Out of the Silent Planet Characters

C. S. Lewis

Out of the Silent Planet Characters

  • Elwin Ransom, an English professor who is kidnapped and taken to the planet of Malacandra.
  • Professor Weston, the villain, who kidnaps Ransom and offers him to the Sorns.
  • Devine, Professor Weston's accomplice, who helps Weston kidnap Ransom.
  • Hyoi, a member of the Hrossa race, who befriends Ransom and leads the hunting party that kills the hranka.
  • The Sorns, a race of fourteen-foot-tall aliens who order Weston and Devine to bring them another human.
  • The Pfifltriggi, a race of aliens known for crafting goods out of gold.
  • Oyarsa, a spirit creature who rules over the planet of Malacandra.
  • The hnakra, a sea monster with crocodile-like jaws.


(Beacham's Encyclopedia of Popular Fiction)

At first Elwin Ransom, the protagonist, is a stock English character: a university don on a walking vacation. But early on, this unwilling hero's ethos becomes convincing as he keeps a pledge to a worried mother despite his reasonable unwillingness to look like a fool. In all of his responses, Ransom achieves psychological verisimilitude: terror at the discovery that he was in space; fear of sorns; near madness when alone on Malacandra; an ecstatic and unbearable curiosity in his first meeting with a hross; grief and guilt at the death of Hyoi; mortification at Weston's foolishness when he meets Oyarsa; sheer animal gladness at being back on earth. In all, he is a noble everyman, believable in his thoughts and actions, admirable in his growth.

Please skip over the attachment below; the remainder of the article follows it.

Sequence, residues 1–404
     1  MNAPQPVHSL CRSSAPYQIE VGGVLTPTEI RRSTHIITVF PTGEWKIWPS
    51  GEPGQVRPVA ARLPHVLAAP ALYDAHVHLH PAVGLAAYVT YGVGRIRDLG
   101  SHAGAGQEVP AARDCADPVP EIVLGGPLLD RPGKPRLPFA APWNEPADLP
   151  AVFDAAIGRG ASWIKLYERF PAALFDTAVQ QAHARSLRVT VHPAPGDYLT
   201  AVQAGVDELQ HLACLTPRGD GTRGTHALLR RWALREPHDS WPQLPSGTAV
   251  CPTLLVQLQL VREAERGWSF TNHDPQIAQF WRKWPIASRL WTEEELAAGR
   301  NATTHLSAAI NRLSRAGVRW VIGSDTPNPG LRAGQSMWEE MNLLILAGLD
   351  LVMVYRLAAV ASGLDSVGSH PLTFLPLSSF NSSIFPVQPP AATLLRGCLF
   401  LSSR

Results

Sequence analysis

The other two significant earthmen, Weston and Devine, are Ransom's antagonists whose depictions differ in degree in this novel. Devine is of secondary importance here, described as an old schoolmate of Ransom's whose involvement in the plans of Weston are motivated sheerly for profit. Oyarsa says of him that he is broken; he contains nothing but greed. On the other hand, Weston is far more complex, and, in Oyarsa's words, far more dangerous. His brilliance and ruthlessness are apparent in his first appearance in the novel when he helps Devine to kidnap Ransom. His characteristic rudeness marks every conversation he has in the novel.

The most telling self-revelation occurs in the scene in which Weston...

(The entire section is 458 words.)